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    So I know this isnt chemistry specific, but I'm curious as to whether anyone knows this answer..

    Photolysis of H2O in photosynthesis, how the hell does it happen? It's not in our course, it just says "H2O molecules are split into 2H+ and 1/2 O2 in the presence of photons.

    I'm just curious, tried to do some research but there doesnt seem to be much on it, does anyone actually know how this happens?
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    (Original post by ZachDaniels)
    So I know this isnt chemistry specific, but I'm curious as to whether anyone knows this answer..

    Photolysis of H2O in photosynthesis, how the hell does it happen? It's not in our course, it just says "H2O molecules are split into 2H+ and 1/2 O2 in the presence of photons.

    I'm just curious, tried to do some research but there doesnt seem to be much on it, does anyone actually know how this happens?

    http://www.rsc.org/education/teacher...osynthesis.htm

    5 years ago i couldve explained that
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    I've already read that, it has nothing to do with photolysis... It just states H20 > 2H+ and 1/2 O2...
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    (Original post by ZachDaniels)
    I've already read that, it has nothing to do with photolysis... It just states H20 > 2H+ and 1/2 O2...
    It shouldn't do, O-H bond in water is quite strong to be cleaved by visible light(hv)

    homonuclear diatomic has weaker bonds, ie O-O or Cl-Cl bonds, due to lone pair repulsion that weakens the bonding slightly.
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    Yeah exactly and if it just happens, whats to say that a bottle of water doesn't do it when its exposed to UV light, it doesnt make any sense..

    The OH- ion is too unstable to give off the proton, hence why it's PH 7...

    Gah, it's a mystery to me atm..
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    (Original post by ZachDaniels)
    So I know this isnt chemistry specific, but I'm curious as to whether anyone knows this answer..

    Photolysis of H2O in photosynthesis, how the hell does it happen? It's not in our course, it just says "H2O molecules are split into 2H+ and 1/2 O2 in the presence of photons.

    I'm just curious, tried to do some research but there doesnt seem to be much on it, does anyone actually know how this happens?
    • As excited electrons leave PS II to move along electron transport chain, they must be replaced
    • Light energy splits water into protons, electrons and oxygen(Photolysis)

    thats all ive got in my notes
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    Yeah, its porbably way beyond A-Level work, I'm just curious as to how it actually happens, hence the chemistry section :P

    (Well I posted it in both so...)

    Maybe scientists dont actually know yet?

    Edit (its only wikipedia but it sounds plausible) - Photolysis during photosynthesis occurs in a series of light-driven oxidation events. The energized electron (exciton) of P680 is captured by a primary electron acceptor of the photosynthetic electron transfer chain and thus exits photosystem II. In order to repeat the reaction, the electron in the reaction center needs to be replenished. This occurs by oxidation of water in the case of oxygenic photosynthesis. The electron-deficient reaction center of photosystem II (P680*) is the strongest biological oxidizing agent yet discovered, which allows it to break apart molecules as stable as water.[1]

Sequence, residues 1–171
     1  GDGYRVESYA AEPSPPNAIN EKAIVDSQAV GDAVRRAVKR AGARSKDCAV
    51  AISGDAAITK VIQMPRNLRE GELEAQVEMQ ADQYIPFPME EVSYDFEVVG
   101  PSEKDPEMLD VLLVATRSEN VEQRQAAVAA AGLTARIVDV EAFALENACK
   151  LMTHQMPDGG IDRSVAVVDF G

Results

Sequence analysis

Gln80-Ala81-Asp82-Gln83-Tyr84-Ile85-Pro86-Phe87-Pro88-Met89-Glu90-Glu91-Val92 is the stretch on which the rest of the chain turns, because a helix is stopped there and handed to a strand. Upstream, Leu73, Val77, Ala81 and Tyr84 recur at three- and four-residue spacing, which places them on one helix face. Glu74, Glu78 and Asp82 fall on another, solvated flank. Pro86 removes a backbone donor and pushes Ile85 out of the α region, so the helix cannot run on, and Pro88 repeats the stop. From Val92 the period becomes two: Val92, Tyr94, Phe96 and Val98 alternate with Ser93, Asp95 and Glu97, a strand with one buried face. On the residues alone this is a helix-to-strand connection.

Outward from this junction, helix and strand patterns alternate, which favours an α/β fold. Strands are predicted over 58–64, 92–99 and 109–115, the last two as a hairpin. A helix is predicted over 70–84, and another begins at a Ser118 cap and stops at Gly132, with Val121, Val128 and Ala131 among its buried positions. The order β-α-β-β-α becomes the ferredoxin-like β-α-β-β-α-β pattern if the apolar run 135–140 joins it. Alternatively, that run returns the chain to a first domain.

The water-splitting reaction is catalyzed by the oxygen evolving complex of photosystem II. This protein-bound inorganic complex contains four manganese ions, plus calcium and chloride ions as cofactors. Two water molecules are complexed by the manganese cluster, which then undergoes a series of four electron removals (oxidations) to replenish the reaction center of photosystem II. At the end of this cycle, free oxygen (O2) is generated and the hydrogen of the water molecules has been converted to four protons released into the thylakoid lumen.
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    ^ so that doesn't actually explain how then. lol
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    (Original post by ZachDaniels)
    Yeah, its porbably way beyond A-Level work, I'm just curious as to how it actually happens, hence the chemistry section :P

    (Well I posted it in both so...)

    Maybe scientists dont actually know yet?
    There's certainly a lot of areas that are open to debate, but the basic principles are reasonably well laid down. The light doesn't directly cleave the O-H bond, but rather knocks an electron off a chlorophyl (via a process that is itself pretty complicated.) The best way to look at what happens next is in terms of an equilibrium:

    2H2O <-> 4H+ 4e- O2

    You drive the equilibrium to the right by replacing the chlorophyll electron that has gone down another absurdly complicated energy transfer chain. In terms of how the water is actually cleaved, the mechanism's not certain, but there's definitely a manganese-based catalyst involved. I'll get a possible mechanism posted up in a bit.

    EDIT: Looks like Wiki beat me to it. :p:

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    Things that make you go hmmmm.

    The fact that its the most powerful biological oxidizing agent yet discovered is crazy..

    I mean we're talking about a substance which is in a thylacoid membrane, in a cloroplast, in a palisade cell, in a leaf...

    I'm amazed.. And I thought botanists were all boring tree huggers...
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    An enzyme catalyses it, thats the most I know apart from the stuff in the book
 
 
 
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